Kids of the Round Table (1995)
Film review #583
Director: Robert Tinnell
SYNOPSIS: Alex and his schoolfriends enjoy re-enacting the legend of King Arthur. Running away from some bullies, Alex stumbles upon a sword in a stone, which he pulls out and is revealed to be Excalibur, the legendary weapon of King Arthur. Merlin appears before Alex and explains how Excalibur may be used to give him the power to overcome his problems, but also that this power must only be used for good…
THOUGHTS/ANALYSIS: Kids of the Round Table is a 1995 film. The plot revolves around a kid named Alex who stumbles upon the sword in the stone from Arthurian legends. Removing the sword, Merlin appears to tell Alex that it is Excalibur, the sword of the legendary King Arthur, and will grant Alex the power to overcome his problems, but only if he uses the power for the right reasons. The plot of the film essentially revolves around Alex using the power of Excalibur, and the dilemmas that arise from it. It touches on a number of different points, but nothing with a depth that makes the plot points memorable or non-predictable. That said, there are a few scenes which explore the dilemmas with some strong and emotionally powerful dialogue, that give weight to what is happening.
A good portion of the film sets up a a love triangle between Alex, Jenny, and Luke, mirroring the same relationship between Arthur Guinevere and Lancelot in the Arthurian legends. Again, the dialogue that comes out of as a consequence of this is mature and impactful, and Malcolm MacDowell as Merlin offers some sage advice in a rare non-villain role. Despite this, a lot of the line deliveries, particularly from the kids and lesser known actors, are a bit flat. We never really get any depth from any of the characters, and they are just very surface-level personalities without a unique hook. The biggest issue the film faces is with the pacing: it has a fair amount going on at the beginning of the film setting out it’s premise then it just…stops. The film clearly has ideas, it just doesn’t push them at all. the finale of the film, featuring “Scar” (played by Michael Ironside) and his buddies taking Jenny and her friends hostage at her birthday party after the criminals have robbed a bank goes on forever: nearly half the film is dedicated to this part which unfolds so slowly it feels like a waste of runtime.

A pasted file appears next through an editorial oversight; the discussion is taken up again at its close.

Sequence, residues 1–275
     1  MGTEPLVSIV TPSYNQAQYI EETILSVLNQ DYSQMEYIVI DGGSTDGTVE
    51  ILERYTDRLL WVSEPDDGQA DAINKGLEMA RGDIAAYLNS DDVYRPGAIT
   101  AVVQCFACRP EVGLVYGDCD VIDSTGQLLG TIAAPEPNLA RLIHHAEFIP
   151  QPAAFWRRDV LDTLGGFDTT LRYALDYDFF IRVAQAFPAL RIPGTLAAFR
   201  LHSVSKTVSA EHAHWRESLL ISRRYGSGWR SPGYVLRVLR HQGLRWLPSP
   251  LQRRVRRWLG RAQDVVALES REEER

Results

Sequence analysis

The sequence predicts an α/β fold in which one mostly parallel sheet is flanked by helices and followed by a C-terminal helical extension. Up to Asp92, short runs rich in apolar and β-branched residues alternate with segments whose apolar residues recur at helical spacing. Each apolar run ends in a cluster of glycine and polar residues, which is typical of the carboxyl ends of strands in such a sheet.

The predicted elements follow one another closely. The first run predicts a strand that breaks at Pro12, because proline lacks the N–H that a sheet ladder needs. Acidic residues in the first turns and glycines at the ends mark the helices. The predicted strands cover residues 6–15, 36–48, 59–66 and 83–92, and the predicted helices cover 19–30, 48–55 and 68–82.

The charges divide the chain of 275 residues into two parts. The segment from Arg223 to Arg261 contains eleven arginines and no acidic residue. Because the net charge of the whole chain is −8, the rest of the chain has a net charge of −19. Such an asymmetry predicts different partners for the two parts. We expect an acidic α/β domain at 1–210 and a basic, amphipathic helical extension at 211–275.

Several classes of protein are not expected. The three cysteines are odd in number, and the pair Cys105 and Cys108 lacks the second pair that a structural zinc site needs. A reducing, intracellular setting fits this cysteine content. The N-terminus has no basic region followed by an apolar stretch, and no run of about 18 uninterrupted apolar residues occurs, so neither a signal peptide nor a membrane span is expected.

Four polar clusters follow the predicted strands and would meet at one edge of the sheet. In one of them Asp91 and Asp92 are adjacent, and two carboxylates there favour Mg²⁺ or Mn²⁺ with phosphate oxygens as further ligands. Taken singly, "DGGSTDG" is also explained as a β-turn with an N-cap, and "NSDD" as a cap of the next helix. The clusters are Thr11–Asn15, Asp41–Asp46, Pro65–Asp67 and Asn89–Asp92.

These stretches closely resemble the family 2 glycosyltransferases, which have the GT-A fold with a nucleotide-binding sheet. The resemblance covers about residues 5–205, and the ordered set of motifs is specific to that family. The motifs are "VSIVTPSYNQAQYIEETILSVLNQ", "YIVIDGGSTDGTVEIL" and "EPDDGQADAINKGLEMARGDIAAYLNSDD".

This film looks exactly like you would imagine a 90’s film would look like, and it doesn’t really distinguish itself in this way. One of the production aspects that definitely stands out is the score: the full orchestral pieces are really strong and moving, and again coupled with the emotional scenes, makes a good impact. Overall, Kids of the Round Table has some good moments and some decent cast members to support it, but seems to hold back in terms of fleshing out it’s concept more fully. This definitely has potential to be more than it is, but it keeps everything at a very surface-level exploration, as the characters don’t really develop into anything special, and the different setups don’t take advantage of the concept. Some good heartfelt moments, and a nice score grip the viewer at certain moments, but fail to add up to make the film something special.